CHICAGO, Ill. – John F. McDonough, President & CEO of the Chicago Blackhawks has joined the Special Olympics Illinois Foundation Board.
The Special Olympics Illinois Foundation is a 509(a)(3) supporting foundation that supports individuals with intellectual disabilities served by Special Olympics Illinois with an alternative revenue stream in perpetuity. The Foundation provides resources and support for program innovation and athlete growth for non-recurring budget items such as USA Games and World Games, capital expenses and technology advancement.
McDonough was named President & CEO of the Blackhawks in 2011, after joining the organization as President in 2007. Under his guidance, in what Forbes Magazine has called “The Greatest Sports-Business Turnaround Ever,” the Blackhawks have revitalized the team’s profile and re-energized its fan base. The Blackhawks achieved their “One Goal” of a Stanley Cup championship in 2010 and again in 2013.
Prior to joining the Blackhawks, McDonough served as President of the Chicago Cubs. During his 24-year tenure with the Cubs, the team won the 2007 National League Central Division while setting an all-time franchise attendance record.
McDonough joins the following people on the Special Olympics Illinois Foundation Board:
Dave Breen, President & CEO of Special Olympics Illinois, Normal
Frank Burke, Managing Director of Aon Risk Solutions, Chicago
Jerry Cole, CEO of Waste Gasification Systems, Chicago
Anthony Coletta, Senior VP Corporate Finance of Prudential Capital Group, Chicago
Robert DiMeo, Managing Director & Co-Founder of DiMeo Schneider & Associates, Chicago
Dan Doheny, Chief Financial Officer of Reyes Holdings, Rosemont
Doug Donovan, Senior Vice President of GE Capital, Chicago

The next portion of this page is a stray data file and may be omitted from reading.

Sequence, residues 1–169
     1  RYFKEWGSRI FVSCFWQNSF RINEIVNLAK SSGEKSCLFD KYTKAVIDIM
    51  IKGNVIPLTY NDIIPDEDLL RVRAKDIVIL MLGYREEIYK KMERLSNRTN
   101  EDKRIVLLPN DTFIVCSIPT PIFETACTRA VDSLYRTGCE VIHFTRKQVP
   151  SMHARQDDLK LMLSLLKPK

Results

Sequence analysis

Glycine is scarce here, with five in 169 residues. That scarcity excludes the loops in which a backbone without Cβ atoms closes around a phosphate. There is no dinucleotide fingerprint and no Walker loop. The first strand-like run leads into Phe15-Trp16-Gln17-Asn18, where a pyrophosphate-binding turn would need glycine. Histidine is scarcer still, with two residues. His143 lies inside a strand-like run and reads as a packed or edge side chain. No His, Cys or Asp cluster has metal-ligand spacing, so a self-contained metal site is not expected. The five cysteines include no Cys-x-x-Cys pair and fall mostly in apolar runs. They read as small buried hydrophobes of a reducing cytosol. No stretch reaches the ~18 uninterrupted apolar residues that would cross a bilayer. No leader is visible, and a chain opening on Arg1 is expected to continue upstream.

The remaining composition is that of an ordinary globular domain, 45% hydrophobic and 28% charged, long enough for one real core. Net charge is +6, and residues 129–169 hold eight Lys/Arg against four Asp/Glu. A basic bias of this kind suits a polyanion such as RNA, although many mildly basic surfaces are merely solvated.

Jerry Dyson, Partner of @ Properties Gold Coast, Chicago
Jenny Fortner, Managing Director of Goldman Sachs & Co., Chicago
Phil Fowler, Director of Tribler Orpett & Meyer PC, Chicago
Don Gereau, CEO of GT Mobility, Galena
Julie Gustafson, Senior Vice President of U.S. Trust, Bank of America, Chicago
Dan Lange, Senior Vice President, Illinois Region Head of Wells Fargo Bank, NA, Chicago
Jay Leonard, Vice President of Bernstein Global Wealth, Chicago
Jim Pieper, Chief Accounting Officer, CME Group Inc., Chicago
Ed Rafferty, Superintendent of Schaumburg School District, Palatine
David Shane, Partner of FGMK, LLC, Bannockburn
Special Olympics Illinois is a not-for-profit organization offering year-round training and competition in 19 sports for more than 21,300 athletes with intellectual disabilities and nearly 13,000 Young Athletes ages 2-7 with and without intellectual disabilities. Special Olympics changes lives by empowering people with intellectual disabilities to realize their full potential in sports and in life. Special Olympics programs enhance physical fitness, motor skills, self-confidence, social skills and encourage family and community support. If you are interested in learning more about Special Olympics Illinois, volunteering or providing financial support to help make Special Olympics programs possible, contact your local Special Olympics agency, call 800-394-0562 or visit our website at www.soill.org.
Volunteer Mary Manley visited the 15th annual MedFest at United Center in Chicago to hear from doctors and athletes about why this event is so important to each of them.
By Mary Manley, Special Olympics Illinois volunteer